The AIFMD’s provisions will apply to all alternative investment fund managers («AIFMs») located in EU member states whose regular business is managing one or several alternative investment funds («AIF»). The AIFMD will apply regardless of whether the alternative in-vestment fund is established inside or outside the EU and irrespective of whether the AIF is marketed within the EU. Also, AIFMs located outside the EU will be covered by the AIFMD if they either man-age an AIF set up within the EU or any AIF that is marketed within the EU area. The AIFMD does not regulate AIFs, al-though such funds may continue to be regulated and supervised at the national level. An AIF is defined as any collective investment scheme that: (i) raises cap-ital from a number of investors in order to invest based on a defined investment policy for the benefit of the investors; and (ii) is not subject to the UCITS regulation (undertakings for collective in-vestment in transferable securities distributed to the public).


The AIFMD therefore applies to AIFMs of hedge funds, private equity funds, institutional funds, real estate funds and commodity funds. An authorized AIFM will benefit from a passport regime and may market its AIF to profession-al members in any EU member state. In a nutshell, the directive imposes rules on: how managers may conduct business (e.g. the remuneration, rules of con-duct and conflict of interest), valuation, risk, and liquidity management, the depositary (generally an authorized financial institution with registered offices in the EU), and the delegation of management functions. The AIFMD also implements detailed rules regarding disclosures to investors and reporting requirements to regulators.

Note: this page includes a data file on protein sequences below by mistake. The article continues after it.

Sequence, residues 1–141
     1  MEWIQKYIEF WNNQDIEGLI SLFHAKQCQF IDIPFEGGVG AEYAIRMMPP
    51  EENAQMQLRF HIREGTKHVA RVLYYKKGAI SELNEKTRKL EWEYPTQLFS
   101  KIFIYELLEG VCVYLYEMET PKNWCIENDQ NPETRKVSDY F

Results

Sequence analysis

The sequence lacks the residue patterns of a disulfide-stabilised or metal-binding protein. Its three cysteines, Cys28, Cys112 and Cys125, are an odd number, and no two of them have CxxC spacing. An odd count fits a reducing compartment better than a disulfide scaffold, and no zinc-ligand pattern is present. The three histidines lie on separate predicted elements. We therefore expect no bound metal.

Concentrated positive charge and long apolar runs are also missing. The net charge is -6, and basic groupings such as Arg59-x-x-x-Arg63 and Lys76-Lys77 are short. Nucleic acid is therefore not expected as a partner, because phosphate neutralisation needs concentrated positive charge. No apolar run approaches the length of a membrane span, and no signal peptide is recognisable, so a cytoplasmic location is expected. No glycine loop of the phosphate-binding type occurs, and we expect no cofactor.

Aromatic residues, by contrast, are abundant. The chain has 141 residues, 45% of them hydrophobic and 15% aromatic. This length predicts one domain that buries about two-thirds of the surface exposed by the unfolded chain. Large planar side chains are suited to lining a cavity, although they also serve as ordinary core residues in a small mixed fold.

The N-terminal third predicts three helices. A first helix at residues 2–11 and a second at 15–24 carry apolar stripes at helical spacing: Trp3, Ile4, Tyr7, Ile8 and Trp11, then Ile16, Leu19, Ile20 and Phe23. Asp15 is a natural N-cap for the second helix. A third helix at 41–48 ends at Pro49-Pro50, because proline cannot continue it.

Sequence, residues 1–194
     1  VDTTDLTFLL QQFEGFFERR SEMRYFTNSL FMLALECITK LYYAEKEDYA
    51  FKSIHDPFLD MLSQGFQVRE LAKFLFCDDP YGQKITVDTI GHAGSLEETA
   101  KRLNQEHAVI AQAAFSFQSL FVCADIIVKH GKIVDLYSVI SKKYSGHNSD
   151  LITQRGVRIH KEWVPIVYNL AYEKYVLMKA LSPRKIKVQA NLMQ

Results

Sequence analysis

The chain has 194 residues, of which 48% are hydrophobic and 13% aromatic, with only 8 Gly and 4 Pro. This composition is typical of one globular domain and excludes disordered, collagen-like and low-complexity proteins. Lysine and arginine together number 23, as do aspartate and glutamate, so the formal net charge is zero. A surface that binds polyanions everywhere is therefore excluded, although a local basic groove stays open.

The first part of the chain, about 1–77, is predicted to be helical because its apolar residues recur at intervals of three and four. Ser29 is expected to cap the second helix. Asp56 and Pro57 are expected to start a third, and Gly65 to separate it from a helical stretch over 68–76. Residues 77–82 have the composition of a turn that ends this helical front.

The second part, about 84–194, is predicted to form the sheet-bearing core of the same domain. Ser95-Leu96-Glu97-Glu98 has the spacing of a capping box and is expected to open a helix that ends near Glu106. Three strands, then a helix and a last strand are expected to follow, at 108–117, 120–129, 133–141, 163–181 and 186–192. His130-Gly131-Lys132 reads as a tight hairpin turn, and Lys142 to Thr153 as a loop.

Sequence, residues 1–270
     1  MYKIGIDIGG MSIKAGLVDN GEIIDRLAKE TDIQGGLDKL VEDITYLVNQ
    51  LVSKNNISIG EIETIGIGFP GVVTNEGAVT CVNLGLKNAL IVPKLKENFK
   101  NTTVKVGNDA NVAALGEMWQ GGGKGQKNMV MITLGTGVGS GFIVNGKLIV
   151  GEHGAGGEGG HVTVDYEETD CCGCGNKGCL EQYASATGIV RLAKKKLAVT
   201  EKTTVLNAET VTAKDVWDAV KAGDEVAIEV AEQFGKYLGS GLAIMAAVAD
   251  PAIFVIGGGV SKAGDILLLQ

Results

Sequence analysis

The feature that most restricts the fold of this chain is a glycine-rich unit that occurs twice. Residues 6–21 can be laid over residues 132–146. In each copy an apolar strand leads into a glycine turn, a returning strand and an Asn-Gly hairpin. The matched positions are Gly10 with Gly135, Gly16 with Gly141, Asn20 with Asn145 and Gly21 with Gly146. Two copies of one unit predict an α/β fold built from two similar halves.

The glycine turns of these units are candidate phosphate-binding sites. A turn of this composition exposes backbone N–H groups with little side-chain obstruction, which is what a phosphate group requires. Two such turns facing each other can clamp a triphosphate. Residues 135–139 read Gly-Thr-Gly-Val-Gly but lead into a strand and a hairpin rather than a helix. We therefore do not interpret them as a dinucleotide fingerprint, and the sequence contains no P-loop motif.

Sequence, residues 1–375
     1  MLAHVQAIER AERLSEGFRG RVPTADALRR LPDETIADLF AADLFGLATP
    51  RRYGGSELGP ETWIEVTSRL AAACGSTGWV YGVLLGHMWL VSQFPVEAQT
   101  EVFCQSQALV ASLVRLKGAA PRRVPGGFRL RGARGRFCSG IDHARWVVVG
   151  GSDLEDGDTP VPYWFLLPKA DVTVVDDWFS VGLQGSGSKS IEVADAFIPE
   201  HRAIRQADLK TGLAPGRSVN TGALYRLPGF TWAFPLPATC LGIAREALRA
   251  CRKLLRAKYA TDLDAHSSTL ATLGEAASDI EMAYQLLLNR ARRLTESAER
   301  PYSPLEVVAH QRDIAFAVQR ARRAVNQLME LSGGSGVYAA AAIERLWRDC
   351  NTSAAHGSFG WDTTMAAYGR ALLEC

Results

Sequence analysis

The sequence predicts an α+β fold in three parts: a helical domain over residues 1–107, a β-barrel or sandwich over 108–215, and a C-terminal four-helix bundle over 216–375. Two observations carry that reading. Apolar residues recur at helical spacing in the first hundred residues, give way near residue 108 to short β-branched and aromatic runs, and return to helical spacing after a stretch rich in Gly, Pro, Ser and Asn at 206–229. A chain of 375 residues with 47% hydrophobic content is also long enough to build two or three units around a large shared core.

Consequences for a Swiss AIFM


An AIFM located in Switzerland may only provide asset management services to an EU AIF once it has received authorization from the EU member state of reference, which is the state where the AIFM carries out most of its management services. Full compliance with the AIFMD provisions will be required in order to obtain authorization. In addition, the following requirements will have to be met:


– The Swiss AIFM will have to appoint a legal representative located in the EU member state of reference. The legal representative shall, along with the AIFM itself, be the non-EU AIFM’s con-tact for the relevant AIF’s investors, ESMA, and the competent authorities regarding the activities which the AIFM is authorized to perform in the EU. The legal representative shall at a mini-mum be sufficiently equipped to perform compliance functions for the AIFM;